Joselito Honestly and Brilliantly's Reviews > Madame Bovary

Madame Bovary by Gustave Flaubert
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Jan 18, 11

Read in January, 2011

The nerve of this Leo Berzani who, in his introduction to my edition of this book, describes Madame Bovary as "a stupid, vulgar and cruel woman". Absolutely not! She was just born ahead of her time.

She was sensuous, beautiful and loved the fine things in life: nice clothes, jewelry, good food, lots of sex and parties. Had she been born today, she could easily been a movie star, or the mistress of a very rich man, or the wife of a powerful drug lord. People would have put her in a pedestal like a queen, a fixture in society columns, her beauty and wealth in constant display on television.

Instead, however, she lived in the province, married to a doctor who was not really a doctor, hobnobbing not with the rich and famous, but with cows and horses. On the outside, a respectable wife of the town physician. On the inside, Cyndi Lauper singing "Girls Just Wanna Have Fun" in a place and time completely devoid of fun. What can be more cruel than to put a lively creature so full of life, excitement and vivacity in a place and at a time irremediably hostile to it?

Madame Bovary was a saint, like Santa Evita (Peron). That she died by her own hands does not matter. That she was unfaithful to her husband was excusable as it was inevitable: she could not have done otherwise without being true to herself. And even this, not without any struggle. Before she has had her affairs--

"she made determined efforts to experience love. In the garden, by moonlight, she would recite to (her husband) all the passionate verses she knew by heart and sing him mournful adagios accompanied by sighs; but afterward she found herself as calm as before and (her husband) did not seem to be any more amorous or stirred up."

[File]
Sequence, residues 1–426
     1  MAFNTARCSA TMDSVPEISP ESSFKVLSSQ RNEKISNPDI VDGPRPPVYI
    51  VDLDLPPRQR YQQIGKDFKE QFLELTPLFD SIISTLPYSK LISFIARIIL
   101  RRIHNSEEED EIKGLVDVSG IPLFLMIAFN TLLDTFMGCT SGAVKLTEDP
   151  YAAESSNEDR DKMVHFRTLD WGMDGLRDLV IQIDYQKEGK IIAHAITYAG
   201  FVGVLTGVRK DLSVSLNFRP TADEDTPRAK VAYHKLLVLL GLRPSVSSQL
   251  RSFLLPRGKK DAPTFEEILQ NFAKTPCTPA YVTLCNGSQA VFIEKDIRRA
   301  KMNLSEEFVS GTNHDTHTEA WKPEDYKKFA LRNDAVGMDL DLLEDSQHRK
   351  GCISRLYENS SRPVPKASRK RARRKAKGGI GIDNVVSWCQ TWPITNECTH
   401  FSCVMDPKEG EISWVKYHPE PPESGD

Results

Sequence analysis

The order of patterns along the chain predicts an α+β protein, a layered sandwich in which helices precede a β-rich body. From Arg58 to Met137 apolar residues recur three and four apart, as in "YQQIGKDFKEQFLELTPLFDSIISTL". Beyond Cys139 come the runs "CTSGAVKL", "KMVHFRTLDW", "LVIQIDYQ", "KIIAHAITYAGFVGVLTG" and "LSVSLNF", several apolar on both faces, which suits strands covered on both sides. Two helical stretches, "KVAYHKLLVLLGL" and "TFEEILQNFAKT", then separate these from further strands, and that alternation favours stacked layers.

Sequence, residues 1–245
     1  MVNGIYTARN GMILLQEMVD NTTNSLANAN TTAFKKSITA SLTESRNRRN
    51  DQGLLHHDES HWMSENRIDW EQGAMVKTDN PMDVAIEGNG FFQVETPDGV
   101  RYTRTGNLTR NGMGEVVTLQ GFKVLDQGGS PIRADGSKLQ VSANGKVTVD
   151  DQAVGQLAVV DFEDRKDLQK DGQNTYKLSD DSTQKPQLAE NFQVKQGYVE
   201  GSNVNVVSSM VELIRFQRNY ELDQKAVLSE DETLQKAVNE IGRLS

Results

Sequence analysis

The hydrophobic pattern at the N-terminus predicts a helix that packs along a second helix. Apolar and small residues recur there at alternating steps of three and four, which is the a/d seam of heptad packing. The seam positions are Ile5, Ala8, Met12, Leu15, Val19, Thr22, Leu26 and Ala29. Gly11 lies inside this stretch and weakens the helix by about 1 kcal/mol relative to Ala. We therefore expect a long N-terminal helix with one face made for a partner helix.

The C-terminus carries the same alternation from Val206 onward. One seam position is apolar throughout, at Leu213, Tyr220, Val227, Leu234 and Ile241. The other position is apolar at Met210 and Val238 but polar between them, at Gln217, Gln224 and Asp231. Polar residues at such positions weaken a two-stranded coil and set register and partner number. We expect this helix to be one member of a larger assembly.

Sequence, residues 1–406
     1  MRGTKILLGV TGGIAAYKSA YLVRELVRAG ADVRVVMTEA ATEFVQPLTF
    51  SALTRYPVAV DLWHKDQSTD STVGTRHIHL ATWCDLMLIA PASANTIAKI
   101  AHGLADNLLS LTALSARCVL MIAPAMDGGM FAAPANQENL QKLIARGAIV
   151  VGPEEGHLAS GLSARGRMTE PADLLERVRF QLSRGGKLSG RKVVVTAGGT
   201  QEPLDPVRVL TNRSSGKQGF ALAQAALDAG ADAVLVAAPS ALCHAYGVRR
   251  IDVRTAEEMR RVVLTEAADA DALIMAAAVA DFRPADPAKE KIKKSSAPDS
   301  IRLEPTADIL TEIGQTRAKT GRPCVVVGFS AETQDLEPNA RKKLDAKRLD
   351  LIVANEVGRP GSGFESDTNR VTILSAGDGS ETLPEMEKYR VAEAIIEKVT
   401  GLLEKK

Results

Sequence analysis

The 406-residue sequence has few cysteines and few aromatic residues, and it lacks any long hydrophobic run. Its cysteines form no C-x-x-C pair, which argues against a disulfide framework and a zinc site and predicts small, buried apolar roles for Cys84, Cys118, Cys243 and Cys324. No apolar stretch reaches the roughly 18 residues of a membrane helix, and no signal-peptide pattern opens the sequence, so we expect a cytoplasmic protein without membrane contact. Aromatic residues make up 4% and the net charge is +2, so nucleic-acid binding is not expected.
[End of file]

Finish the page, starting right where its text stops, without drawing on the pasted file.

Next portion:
Madame Bovary is perhaps the most misunderstood literary character in history. This book, in fact, is the only one I've seen dedicated to the author's lawyer--the latter was the one who successfully defended Flaubert when he was sued because of "obscenity" and this novel's "immorality"!
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Comments (showing 1-5 of 5) (5 new)

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Regine Madame Bovary--loved this book. Although I can agree with you that Emma was definitely ahead of her time, I think you're giving her too much credit.


Mohammed "she lived in the province, married to a doctor who was not really a doctor "

Harsh against poor Charles Bovary he did study hard over his normal ability to become a doctor.

When i read this for lit class i knew the modern reader male or female would see Emma as a woman ahead of her time. Not happy with your marriege is hardly unusual and an easy problem to fix today.


Petra X That was a very interesting review. Another perspective on the mesmerising Madame Bovary. I didn't see her the same way at all.


Joselito Honestly and Brilliantly Thanks Petra.


message 5: by Taliesin (new)

Taliesin Tia Loved this review!


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